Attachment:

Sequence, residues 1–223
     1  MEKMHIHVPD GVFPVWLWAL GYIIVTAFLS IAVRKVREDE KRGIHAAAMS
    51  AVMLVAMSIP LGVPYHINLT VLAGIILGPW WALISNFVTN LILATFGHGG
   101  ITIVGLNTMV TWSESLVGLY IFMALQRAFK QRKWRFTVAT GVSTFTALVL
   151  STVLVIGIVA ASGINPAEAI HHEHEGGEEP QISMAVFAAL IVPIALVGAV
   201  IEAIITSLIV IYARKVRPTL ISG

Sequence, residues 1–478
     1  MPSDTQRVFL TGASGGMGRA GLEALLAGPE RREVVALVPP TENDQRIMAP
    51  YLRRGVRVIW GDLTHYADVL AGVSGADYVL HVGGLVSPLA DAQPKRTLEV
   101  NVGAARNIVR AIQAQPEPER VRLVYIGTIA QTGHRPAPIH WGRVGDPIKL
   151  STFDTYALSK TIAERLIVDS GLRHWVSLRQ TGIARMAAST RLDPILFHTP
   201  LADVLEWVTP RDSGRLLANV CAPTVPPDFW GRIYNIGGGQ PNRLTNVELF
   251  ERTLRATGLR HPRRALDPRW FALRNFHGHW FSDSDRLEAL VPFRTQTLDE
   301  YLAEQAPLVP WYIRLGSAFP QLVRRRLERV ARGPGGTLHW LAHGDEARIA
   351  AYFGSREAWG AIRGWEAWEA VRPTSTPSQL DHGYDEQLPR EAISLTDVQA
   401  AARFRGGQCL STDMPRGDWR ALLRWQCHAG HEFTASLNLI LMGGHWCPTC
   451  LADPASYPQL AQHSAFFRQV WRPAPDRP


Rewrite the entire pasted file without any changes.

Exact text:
Sequence, residues 1–223
     1  MEKMHIHVPD GVFPVWLWAL GYIIVTAFLS IAVRKVREDE KRGIHAAAMS
    51  AVMLVAMSIP LGVPYHINLT VLAGIILGPW WALISNFVTN LILATFGHGG
   101  ITIVGLNTMV TWSESLVGLY IFMALQRAFK QRKWRFTVAT GVSTFTALVL
   151  STVLVIGIVA ASGINPAEAI HHEHEGGEEP QISMAVFAAL IVPIALVGAV
   201  IEAIITSLIV IYARKVRPTL ISG

Sequence, residues 1–478
     1  MPSDTQRVFL TGASGGMGRA GLEALLAGPE RREVVALVPP TENDQRIMAP
    51  YLRRGVRVIW GDLTHYADVL AGVSGADYVL HVGGLVSPLA DAQPKRTLEV
   101  NVGAARNIVR AIQAQPEPER VRLVYIGTIA QTGHRPAPIH WGRVGDPIKL
   151  STFDTYALSK TIAERLIVDS GLRHWVSLRQ TGIARMAAST RLDPILFHTP
   201  LADVLEWVTP RDSGRLLANV CAPTVPPDFW GRIYNIGGGQ PNRLTNVELF
   251  ERTLRATGLR HPRRALDPRW FALRNFHGHW FSDSDRLEAL VPFRTQTLDE
   301  YLAEQAPLVP WYIRLGSAFP QLVRRRLERV ARGPGGTLHW LAHGDEARIA
   351  AYFGSREAWG AIRGWEAWEA VRPTSTPSQL DHGYDEQLPR EAISLTDVQA
   401  AARFRGGQCL STDMPRGDWR ALLRWQCHAG HEFTASLNLI LMGGHWCPTC
   451  LADPASYPQL AQHSAFFRQV WRPAPDRP